3 Things Cities Should Do to Be Competitive

Urban areas must strategize to vie for future economic growth.
September 14, 2015
By Ed Skyler  |  Contributor
Ed is executive VP of global public affairs at Citi and oversees the Citi Foundation, an underwriter for City Accelerator.

Cities around the world are facing strains caused by massive population and economic shifts. One hundred million people are moving to cities every year and nearly 70 percent of the world’s population is expected to be urban by 2050. The top 100 cities in the world will generate 35 percent of global economic growth over the next 10 years.

But it’s clear that economic growth and opportunity won’t automatically be spread evenly across cities like peanut butter – it’s a competition and those cities that positon themselves for growth will emerge the strongest. We looked at this in a study we conducted with The Economist Intelligence Unit. There are key factors that make a city competitive, such as the strength of its government institutions, infrastructure, financial maturity, human capital and cultural institutions.

Based on my experience in New York City government and now in the private sector, I think there are three key things cities should do to be more competitive.

First, cities are part of a network and they should share good ideas. Actually, they should not be afraid to steal good ideas.

Despite how much credit my former boss Michael Bloomberg has been given for several legacy initiatives, each of them started first in other cities. In 2003, Mayor Bloomberg signed a law that banned smoking in bars and restaurants in New York City. After strong opposition, the smoking ban is now celebrated as a public health success and today, 500 cities around the world have enacted similar policies. But the first city in the United States to ban smoking in restaurants wasn’t New York -- it was Aspen, Colorado, back in 1985.

The first bike share program in the world started 50 years ago in Amsterdam. Citi Bike launched in New York two years ago and bike shares continue to gain popular support in cities around the world.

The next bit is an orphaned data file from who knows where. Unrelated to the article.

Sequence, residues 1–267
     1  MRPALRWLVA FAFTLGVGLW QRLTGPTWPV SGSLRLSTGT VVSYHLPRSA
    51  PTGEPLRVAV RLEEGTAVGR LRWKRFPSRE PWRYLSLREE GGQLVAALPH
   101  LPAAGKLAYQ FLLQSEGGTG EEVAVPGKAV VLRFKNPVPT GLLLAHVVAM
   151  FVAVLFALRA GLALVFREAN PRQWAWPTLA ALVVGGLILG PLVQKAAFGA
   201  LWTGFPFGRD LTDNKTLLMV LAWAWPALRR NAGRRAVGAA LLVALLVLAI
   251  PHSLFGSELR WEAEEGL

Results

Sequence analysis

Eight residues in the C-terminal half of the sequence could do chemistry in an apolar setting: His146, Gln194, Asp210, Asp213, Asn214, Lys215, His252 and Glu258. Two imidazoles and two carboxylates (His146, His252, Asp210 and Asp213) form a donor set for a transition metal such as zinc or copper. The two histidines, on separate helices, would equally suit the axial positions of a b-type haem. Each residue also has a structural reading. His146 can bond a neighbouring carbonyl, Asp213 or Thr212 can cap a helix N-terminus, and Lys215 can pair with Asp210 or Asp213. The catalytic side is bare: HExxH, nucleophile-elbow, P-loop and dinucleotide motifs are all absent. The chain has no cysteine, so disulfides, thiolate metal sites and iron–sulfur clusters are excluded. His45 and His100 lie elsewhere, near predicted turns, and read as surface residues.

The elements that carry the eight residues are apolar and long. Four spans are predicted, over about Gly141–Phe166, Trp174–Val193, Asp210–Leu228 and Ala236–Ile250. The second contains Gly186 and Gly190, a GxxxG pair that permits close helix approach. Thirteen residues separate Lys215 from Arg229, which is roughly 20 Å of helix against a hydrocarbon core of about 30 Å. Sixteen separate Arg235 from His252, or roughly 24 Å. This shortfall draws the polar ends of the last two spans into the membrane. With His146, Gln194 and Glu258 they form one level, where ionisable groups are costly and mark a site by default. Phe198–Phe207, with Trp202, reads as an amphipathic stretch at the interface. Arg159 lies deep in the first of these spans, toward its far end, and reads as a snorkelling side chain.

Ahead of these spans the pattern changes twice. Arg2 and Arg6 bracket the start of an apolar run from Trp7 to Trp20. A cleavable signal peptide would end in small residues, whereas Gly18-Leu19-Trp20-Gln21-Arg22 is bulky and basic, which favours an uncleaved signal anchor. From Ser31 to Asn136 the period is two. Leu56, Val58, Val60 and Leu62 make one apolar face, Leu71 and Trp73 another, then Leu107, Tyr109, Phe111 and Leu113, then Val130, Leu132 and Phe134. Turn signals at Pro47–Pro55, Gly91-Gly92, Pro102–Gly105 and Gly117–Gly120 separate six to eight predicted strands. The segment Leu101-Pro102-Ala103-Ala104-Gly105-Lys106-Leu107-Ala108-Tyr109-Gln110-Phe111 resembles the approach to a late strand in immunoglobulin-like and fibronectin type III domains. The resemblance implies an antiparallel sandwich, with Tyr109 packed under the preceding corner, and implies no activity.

Second, cities need to embrace risk-taking in order to innovate. Here is where the private sector can contribute. Public-private partnerships have accomplished many great things, but to me, the real value of private sector involvement is not measured in the amount of dollars. It’s about having the flexibility and freedom to try new ideas.

In the private sector, risk-taking and innovation is expected by the public. But government is rarely a leader when it comes to experimentation and trying new ideas. The scrutiny on tax dollars makes governments reluctant to take risks. But that doesn’t mean this is how it has to be. Risk-taking by cities needs to be catalyzed, not constrained.

Bike sharing is a perfect example of this. The Bloomberg administration didn’t want public money to pay for a bike share program because it was too controversial. Without resources from the private sector – in this case structured through a sponsorship with Citigroup – the system would not have happened. Two years later, it’s the largest bike share program in the country and in just two years, it has generated almost 20 million trips.

The City Accelerator is a perfect example of a program that spurs city governments to innovate and take risks, through collaboration with the private and nonprofit sectors.

Third, there’s a huge demand for infrastructure in the world’s cities. The need has been estimated at $57 trillion dollars over the next 15 years.

Here the private sector – more specifically, the financial sector – is critical to accessing the capital markets to make these projects happen. At Citi, we’re proud to have many city governments as clients and to work on important projects in cities.

We’re part of the consortium that will renovate the Central Terminal at La Guardia airport. We partnered with others to turn the streetlights back on in Detroit, which is improving safety and the quality of life.

We also help cities become more sustainable. In February, we announced a 10-year commitment to lend, invest and facilitate $100 billion dollars to finance sustainable growth and reduce the impacts of climate change. We raised the financing for Central America’s first commuter rail system – the Panama Metro – which is easing traffic congestion by transporting 30,000 commuters per hour in that fast-growing city.

In the U.S., aside from being the leading lender for affordable housing, we’re helping households become more energy efficient by providing low-cost loans for energy improvements such as installing more efficient boilers and smart thermostats.

We’re very proud of the various ways in which we support the growth of cities. Our ‘Citi for Cities’ initiative draws on all of the resources of our company to provide solutions that help cities solve their problems – and thrive.

The examples I’ve shared aren’t philanthropy. They’re part of our business model. It’s what we do as a global bank. But obviously we can’t solve these difficult urban challenges alone. By collaborating across sectors, we can help cities manage the challenges presented by unprecedented growth in cities and improve the lives of their citizens.

 
Skyler is a former deputy mayor of New York City. The Citi Foundation is an underwriting partner of the City Accelerator.
 
Ed Skyler | Contributor  |  @edskyler
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